Thursday, April 12, 2018

Felony Tank

Malcolm Braly's life ironically mirrors his 1961 prison novel “Felony Tank”. Braly was born in Portland in 1925 to the son of an automobile dealer. After that stint fell through, Braly's family hit hard times during the depression. Meaningless robberies eventually stacked up, culminating into multiple sentences in the clinger. While serving time in both Folsom Prison and San Quentin, Braly began to hone his craft – writing books about guys just like himself. Surprisingly, he wrote “Felony Tank” in 1961 behind bars. In fact, Braly went on to write two more in the pen - “Shake Him Till He Rattles” (1963) and “It's Cold Out There” (1966). All were originally released by Gold Medal due to editor Knox Burger convincing Braly to write during a visit to San Quentin. Arguably his best work was “On the Yard”, published in 1967 and adapted to film in 1979. Sadly, after Braly's parole, he only gained 15 years of freedom. He died in an auto accident at age 54.

“Felony Tank” follows a hopeless 16-year old named Doug, who in essence is simply Braly reliving his own helter-skelter youth. Doug's childhood and upbringing has led him to become a vagabond, riding the rails and hitchhiking to the next town and the next robbery. After leaving Phoenix, Doug arrives in the southwestern city of Ardilla (state never given). It's here that he commits nearly the same crime as the author – robbing a feed store for a few bucks before picked up by the police. He's taken to jail and placed in an upstairs “penthouse”, an ill-fated mid-point between county jail and prison. Most of the inmates at Ardilla are hardened lifers, they know the drill and are well-aware the next stop is a prison term.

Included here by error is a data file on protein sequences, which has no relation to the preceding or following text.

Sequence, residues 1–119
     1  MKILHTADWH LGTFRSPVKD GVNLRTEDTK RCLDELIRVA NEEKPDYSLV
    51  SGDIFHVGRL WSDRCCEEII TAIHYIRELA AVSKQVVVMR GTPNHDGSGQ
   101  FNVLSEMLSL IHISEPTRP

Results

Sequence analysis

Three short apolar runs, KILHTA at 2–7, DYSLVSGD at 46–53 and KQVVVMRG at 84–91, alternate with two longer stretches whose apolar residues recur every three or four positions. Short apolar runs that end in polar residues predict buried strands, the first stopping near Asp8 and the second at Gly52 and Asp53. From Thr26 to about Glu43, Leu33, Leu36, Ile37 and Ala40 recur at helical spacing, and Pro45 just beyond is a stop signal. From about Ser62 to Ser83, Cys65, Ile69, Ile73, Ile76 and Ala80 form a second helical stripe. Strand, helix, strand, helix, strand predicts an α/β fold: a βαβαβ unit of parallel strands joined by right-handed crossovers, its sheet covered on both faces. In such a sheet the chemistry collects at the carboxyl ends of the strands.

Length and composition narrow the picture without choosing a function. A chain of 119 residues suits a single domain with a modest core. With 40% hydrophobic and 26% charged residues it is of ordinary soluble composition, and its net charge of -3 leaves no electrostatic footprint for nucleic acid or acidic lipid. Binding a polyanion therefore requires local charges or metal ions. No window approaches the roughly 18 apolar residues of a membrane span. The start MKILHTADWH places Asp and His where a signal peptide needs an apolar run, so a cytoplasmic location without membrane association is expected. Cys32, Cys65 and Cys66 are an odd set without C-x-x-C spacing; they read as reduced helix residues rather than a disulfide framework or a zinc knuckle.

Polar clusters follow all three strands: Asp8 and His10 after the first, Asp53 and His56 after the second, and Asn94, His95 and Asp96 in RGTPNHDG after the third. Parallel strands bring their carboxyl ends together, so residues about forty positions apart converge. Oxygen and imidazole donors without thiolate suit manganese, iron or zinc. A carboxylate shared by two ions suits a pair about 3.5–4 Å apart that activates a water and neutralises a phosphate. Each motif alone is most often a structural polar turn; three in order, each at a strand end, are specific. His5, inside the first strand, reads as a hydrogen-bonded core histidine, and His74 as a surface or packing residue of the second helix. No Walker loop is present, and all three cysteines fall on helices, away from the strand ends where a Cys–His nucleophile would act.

The book really becomes interesting with the internal politics. Without ruining it for you, deals are made, cigarettes are exchanged and Doug's cell of no-jobbers has a hacksaw blade. In a daring escape, the second half of the book begins with Doug and his older ruffian/mentor named Agnes on the run. Paralleling one of Braly's own robberies, the duo break into a laundromat to steal clothes (and a suit) and rob a nearby grocery store for what amounts to pennies. After sleeping in abandoned buildings and cars, the two find a warm hostess with stay-at-home mom Marion.


While the book possesses a turbulent blend of jail, escape and pursuit, the heart of the book is Doug's struggles with establishing some kind of existence. It's this moment when he meets Marion that really ebbs the tide. Marion is a mother of two, seemingly neglected at home by her husband, a sailor. With Marion's spouse gone for a few weeks, she invites the inexperienced Doug to her bed. He falls in love, but that's just another chapter in what amounts to be a full-circle novel that hopelessly reflects Braly's life behind bars. 

It had to be incredibly fulfilling, satisfying and all-together victorious for Braly to not only pen his own struggles, but to have a novel published by Gold Medal while in prison. “Felony Tank” is written from the heart on a gravel road of conviction and authenticity. It's a stellar first effort (nominated for an Edgar) and one that cements Braly's position in the “prison drama” niche of novels. While action and adventure fans may be swayed off course, Doug's story is so tragic that it warrants another page flip to see what's coming next. I highly recommend “Felony Tank” and it's available as both a Black Gat Books reprint (2016) or together in a Stark House collection with “Shake Him Till He Rattles/It's Cold Out There” (2016).